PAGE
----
Source: library

Premise:

Mercy ′wakes′ on a school bus bound for Paradise, a small town where everyone knows everyone else′s business… or thinks they do. But Mercy has a secret life. She is an angel, doomed to return repeatedly to Earth, taking on a new ′persona′ each time she does, in an effort to resolve a cataclysmic rift between heavenly beings.

The first of a brilliant new series sees Mercy meeting Ryan, an eighteen-year-old whose sister was kidnapped two years ago and is presumed dead. When another girl is also kidnapped, Mercy knows she has to act quickly and use extraordinary powers to rescue her, even if it means exposing her true identity. (Taken from Goodreads)

Buy it from: The Book Depository / Amazon

The opening paragraph was interesting enough. It showed that the writing was clear and concise, but sadly, it was followed by this massive info-dump on what the main character looks like, and it turns out that she’s one of those “I’m pretty but I don’t notice it” characters, which makes me groan, since 90% of YA is filled with these characters. Then, she goes on to describe who I can only assume is a potential love interest, because he has far too many far-fetched descriptions like:

“He is tall, broad-shouldered, snake-hipped, flawless as only dreams can be. Like a sun god when he walks.” – pg 4.

To which I can only respond with WTF? what is with that? Why are all possible love interests described so weirdly. I don’t know. Personally, I find it off-putting, especially with odd descriptions like ‘snake-hipped’ and ‘sun god’. I don’t even know how to imagine snake-hipped. Anyone know?
Lim seems to have an interesting and poor way of describing people visually. They only seem to be described as beautiful and stunning, or disgusting and ugly and flawed. There is no middle ground, which makes me feel uneasy, a bit.
Also, the sentence structure was often repeated in a way that made Lim over-describe something. A couple of times per page, you can expect to see something like “Something COMMA synonym COMMA another synonym COMMA continue with sentence as normal.” It’s constantly used and feels unedited. It blocks the otherwise clear writing that could have made this book even more amazing, I think.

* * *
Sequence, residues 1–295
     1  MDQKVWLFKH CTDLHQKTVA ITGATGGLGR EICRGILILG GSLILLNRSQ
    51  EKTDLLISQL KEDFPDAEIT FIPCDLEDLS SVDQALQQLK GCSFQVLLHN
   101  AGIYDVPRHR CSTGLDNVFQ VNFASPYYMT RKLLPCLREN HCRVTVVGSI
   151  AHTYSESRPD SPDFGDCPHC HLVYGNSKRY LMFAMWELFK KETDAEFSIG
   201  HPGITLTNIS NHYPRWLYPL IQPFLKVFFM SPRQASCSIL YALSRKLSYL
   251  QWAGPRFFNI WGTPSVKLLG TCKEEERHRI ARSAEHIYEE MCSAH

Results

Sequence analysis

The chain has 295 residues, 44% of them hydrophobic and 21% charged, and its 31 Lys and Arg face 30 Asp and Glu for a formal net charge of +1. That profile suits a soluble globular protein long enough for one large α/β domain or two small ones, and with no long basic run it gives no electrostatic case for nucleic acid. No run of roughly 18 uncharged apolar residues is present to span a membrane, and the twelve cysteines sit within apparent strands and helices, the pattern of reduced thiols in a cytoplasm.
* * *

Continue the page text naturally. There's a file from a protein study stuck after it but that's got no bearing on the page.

There are some parts I’m not so fond about. Pretty, popular girls are sluts and enemies, and the main character often describes other females with some fairly derogatory terms, such as bitch and slut. For the most part, Mercy is at the mercy (hehe) of a pretty, popular bitch who is a bitch just because she can. It’s fairly annoying and overused.

Now, those are the bad things. Onto the good.

The story is fairly fantastic. The premise holds so much promise, and it delivers. There are two major plot points: 1) that Mercy constantly finds herself in the body of a human, not knowing what she needs to do to be finally free and able to find the man she loves, Luc (or at least, she thinks she does) and 2) a girl had gone missing 2 years ago, and the girl’s brother is still out looking for her.

Both plot points intertwine, and at the same time, they feel completely independent of each other. The first is one that isn’t even close to resolution at the end of the book, whilst the second ends on a cheerful note. Both are executed quite well, in an engaging and exciting way. The story is the strongest part of the book, and it really shows and makes up for the writing.

This is a book that I really love, and I can’t wait to get my hands on the sequel, Exile, which comes out in early June, and the third book, Muse, which comes out late October. Isn’t that great? You won’t have to wait long for the next installment! This makes me giddy!

Cover Art: 4
Plot: 5
Characters: 3
Writing: 3
Level of Interest: 4

Total Rating: 4/5 stars


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Review: Beautiful Malice by Rebecca James

April 20, 2011 at 3:12 pm (4 stars, Australian, review) (, , , , , , , )

Beautiful Malice by Rebecca James

Pages: 304, paperback

ISBN: 9781742373003

Publisher: Allen and Unwin

Date Released: May 1st, 2010

Genre: YA / romance / thriller / mystery / contemporary

Source: library

Premise:

Katherine has moved away from her shattered family to start afresh in Sydney. There she keeps her head down until she is befriended by the charismatic, party-loving Alice, who brings her out of her shell. But there is a dark side to Alice, something seductive yet threatening. And as Katherine learns the truth about Alice, their tangled destinies spiral to an explosive and devastating finale.

An intense and addictive psychological thriller

Buy it now from The Book Depository